No exception here, then.
Open Your Mind:
To get your brain in first picture the Volkswagen Scirocco as a retro Smart Roadster â€“ only with the VW you can actually break the speed limit before your legs get DVT. The old Volkswagen Scirocco does look a touch yesteryear, even if you can find a pristine one parked in a lay-by somewhere. Its very 80s styling gives off an impression of preemptive disappointment. This is great fun for you (the driver) at traffic lights, being as every suped-up Corsa owning whippersnapper in your sights is sure to come a cropper.
The basic model Mark 2 Volkswagen Scirocco came equipped with a willing 1.3 litre engine. If you spent more you got more – namely a meaty, grabbing, visceral 16v 1.8. If you think we are overselling here, you’ve clearly never even seen the 16v close up, let alone driven it. Imagine the first sip of an ice-cold beer during the height of summer and you’re skating close. It genuinely is that satisfying.
Forget about buying a used 16v though. They cost a bomb and most have been thrashed to shit. If you own a 16v and disagree with this statement you are waiting on the biggest garage bill in history â€“ you just don’t know it yet.
If you remember that car first time round you really are old.
The Mark 1 Scirocco replaced the Karmann Ghia back in 1974. Volkswagen – ever keen to listen to the wants of the market – felt four seats were infinitely better than two. European buyers balk at squashed four-seaters even now; claiming it’s â€˜all done for the American market’. We do not pretend to understand what they mean. Americans have more friends? They’re shorter? Their kids refuse to stay at home without stealing the batteries out of the smoke alarm? Fact is that those two extra seats do a great job of keeping your social life intact.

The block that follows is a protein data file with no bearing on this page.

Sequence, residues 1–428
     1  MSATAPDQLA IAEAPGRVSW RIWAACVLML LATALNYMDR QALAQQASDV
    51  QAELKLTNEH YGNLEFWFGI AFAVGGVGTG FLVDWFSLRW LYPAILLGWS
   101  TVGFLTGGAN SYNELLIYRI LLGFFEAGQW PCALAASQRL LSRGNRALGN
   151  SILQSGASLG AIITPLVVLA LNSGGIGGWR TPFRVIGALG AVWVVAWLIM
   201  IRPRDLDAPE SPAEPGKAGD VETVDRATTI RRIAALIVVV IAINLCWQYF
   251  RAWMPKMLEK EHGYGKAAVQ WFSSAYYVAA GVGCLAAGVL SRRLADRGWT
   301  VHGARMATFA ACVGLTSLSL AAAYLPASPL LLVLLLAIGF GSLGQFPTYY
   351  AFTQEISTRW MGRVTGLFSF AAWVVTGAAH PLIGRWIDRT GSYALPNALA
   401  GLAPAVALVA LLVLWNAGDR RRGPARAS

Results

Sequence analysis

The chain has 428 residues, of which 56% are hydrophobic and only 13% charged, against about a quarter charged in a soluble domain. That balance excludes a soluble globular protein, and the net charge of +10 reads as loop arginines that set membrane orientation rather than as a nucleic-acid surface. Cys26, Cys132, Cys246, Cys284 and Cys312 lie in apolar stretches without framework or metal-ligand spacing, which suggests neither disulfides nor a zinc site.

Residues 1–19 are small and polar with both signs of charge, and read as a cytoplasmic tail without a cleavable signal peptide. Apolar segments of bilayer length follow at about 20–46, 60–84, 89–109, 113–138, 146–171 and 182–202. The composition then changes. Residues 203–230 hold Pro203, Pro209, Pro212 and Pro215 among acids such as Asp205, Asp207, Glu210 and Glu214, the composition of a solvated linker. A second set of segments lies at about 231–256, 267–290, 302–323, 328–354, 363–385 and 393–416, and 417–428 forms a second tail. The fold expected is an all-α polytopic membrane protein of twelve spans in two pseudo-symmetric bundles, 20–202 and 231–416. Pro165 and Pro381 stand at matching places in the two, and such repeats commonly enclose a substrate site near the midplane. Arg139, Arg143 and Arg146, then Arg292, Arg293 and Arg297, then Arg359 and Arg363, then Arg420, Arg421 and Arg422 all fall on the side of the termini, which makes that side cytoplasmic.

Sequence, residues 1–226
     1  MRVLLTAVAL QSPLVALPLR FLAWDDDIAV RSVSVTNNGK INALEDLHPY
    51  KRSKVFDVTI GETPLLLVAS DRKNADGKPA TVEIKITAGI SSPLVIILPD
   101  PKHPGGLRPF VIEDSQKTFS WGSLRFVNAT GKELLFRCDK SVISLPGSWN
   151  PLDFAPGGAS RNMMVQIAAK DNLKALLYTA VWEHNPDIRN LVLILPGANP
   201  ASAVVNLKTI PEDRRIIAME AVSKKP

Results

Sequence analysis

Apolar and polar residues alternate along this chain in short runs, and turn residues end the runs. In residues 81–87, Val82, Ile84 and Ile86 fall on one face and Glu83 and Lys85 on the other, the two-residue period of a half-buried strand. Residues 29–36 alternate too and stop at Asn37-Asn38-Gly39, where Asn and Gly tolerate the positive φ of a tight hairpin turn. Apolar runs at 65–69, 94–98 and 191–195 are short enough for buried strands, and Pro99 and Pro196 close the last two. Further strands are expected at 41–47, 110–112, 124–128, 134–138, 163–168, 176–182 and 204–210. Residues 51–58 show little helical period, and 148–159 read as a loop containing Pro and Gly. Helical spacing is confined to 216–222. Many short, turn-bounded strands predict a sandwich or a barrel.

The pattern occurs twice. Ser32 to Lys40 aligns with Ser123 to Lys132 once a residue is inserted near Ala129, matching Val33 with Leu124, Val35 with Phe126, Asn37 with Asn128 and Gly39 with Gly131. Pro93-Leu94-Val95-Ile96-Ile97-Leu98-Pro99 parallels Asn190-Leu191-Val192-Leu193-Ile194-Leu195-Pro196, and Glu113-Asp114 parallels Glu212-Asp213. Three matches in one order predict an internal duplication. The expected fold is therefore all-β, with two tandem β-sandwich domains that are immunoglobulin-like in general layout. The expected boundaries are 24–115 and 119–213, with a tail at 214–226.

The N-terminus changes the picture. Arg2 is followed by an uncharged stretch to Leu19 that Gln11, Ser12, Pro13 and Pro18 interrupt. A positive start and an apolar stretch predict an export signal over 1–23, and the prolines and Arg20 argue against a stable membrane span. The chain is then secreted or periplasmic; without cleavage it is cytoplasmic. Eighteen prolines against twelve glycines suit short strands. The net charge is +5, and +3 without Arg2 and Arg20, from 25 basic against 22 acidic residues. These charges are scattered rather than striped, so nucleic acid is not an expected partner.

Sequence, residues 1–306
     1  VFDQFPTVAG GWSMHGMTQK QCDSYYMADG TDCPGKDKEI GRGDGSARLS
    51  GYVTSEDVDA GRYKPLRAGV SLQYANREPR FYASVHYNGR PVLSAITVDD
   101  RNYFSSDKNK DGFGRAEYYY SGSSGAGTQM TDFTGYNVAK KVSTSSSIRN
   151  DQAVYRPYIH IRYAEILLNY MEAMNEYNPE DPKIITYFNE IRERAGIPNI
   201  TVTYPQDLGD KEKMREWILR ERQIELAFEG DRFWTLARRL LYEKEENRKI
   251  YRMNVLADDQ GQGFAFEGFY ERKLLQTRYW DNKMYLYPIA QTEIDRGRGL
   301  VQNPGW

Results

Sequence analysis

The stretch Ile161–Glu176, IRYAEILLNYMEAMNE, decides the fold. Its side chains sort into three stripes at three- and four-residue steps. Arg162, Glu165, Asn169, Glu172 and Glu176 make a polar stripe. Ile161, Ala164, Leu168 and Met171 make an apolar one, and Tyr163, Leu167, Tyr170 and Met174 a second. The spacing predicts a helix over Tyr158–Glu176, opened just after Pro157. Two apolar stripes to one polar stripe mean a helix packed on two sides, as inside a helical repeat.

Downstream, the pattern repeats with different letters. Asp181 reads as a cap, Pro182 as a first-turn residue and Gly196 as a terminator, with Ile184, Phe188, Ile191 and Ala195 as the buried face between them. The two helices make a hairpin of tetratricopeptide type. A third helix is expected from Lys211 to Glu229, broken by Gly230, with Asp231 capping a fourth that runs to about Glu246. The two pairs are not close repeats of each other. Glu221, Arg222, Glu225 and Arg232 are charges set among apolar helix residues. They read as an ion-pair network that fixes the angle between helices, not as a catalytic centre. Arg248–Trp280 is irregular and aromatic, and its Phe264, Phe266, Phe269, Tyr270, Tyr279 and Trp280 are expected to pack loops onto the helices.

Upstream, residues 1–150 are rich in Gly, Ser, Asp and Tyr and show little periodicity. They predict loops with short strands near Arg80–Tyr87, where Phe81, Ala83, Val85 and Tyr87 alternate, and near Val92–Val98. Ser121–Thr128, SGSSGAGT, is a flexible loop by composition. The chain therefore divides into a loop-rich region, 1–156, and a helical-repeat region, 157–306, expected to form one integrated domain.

â€˜55 mph in a 1984 Volkswagen Scirocco is faster then 55 mph in a mere car':
â€¦so said a magazine advertisement of the time. Safe stuff for the eighties. Though nowadays that ad would be even more uninspiring. Try arranging â€˜emissions’, â€˜mpg’ and â€˜catalytic converter’ into some kind of sexy order and you might pity the poor copywriter for ten minutes.
What’s great about piloting a Mark 2 on today’s tarmac is the sensation of being intrinsically linked to the inner workings of precipitation. In other words, the Scirocco does what you want when you tell it to. It doesn’t get out of hand. Corners grab you like a child grabs e-numbers. Every now and then you will lose it slightly, but not enough to fear the reaper. You’re not a scared driver in a Mark 2, although you do remain cautious. It’s what traction control and eight billion Mercedes driver aids can never teach you â€“ anticipation. You second-guess the road because you have to, though it is bloody good fun at the same time.
You should definitely think about it. Extra spending money on Stephen and the Twins or something to escape a family argument in? Actual fun or another broken iPod? Are you positive your granddad really needs that new wheelchair?
If you have any means to get the cash, buy a Mark 2 Volkswagen Scirocco. Visit any number of worthwhile fan sites dotted around the net for help on sorting the lovable from the deadly. They are all search engine friendlyâ€¦
We have located a potential Mark 2 on eBay.co.uk. Take a look for educational purposes if you’re still deliberating. Learn the lines and the rust spots and – just for the sake of common sense – find out what a dry sump is, too.
Since 1934, Volkswagen have been making Cars for the People. The Mark 2 Scirocco is certainly one of their best. If not the best. Too much? Yeah, maybe, but it’s a better choice the Mark 2 Golf. It’s cooler, faster, more comfortable, and even cheaper in some cases.
The Volkswagen Scirocco might just be the best (rubbish) car you’ll ever own.
[story by Chris Laverty]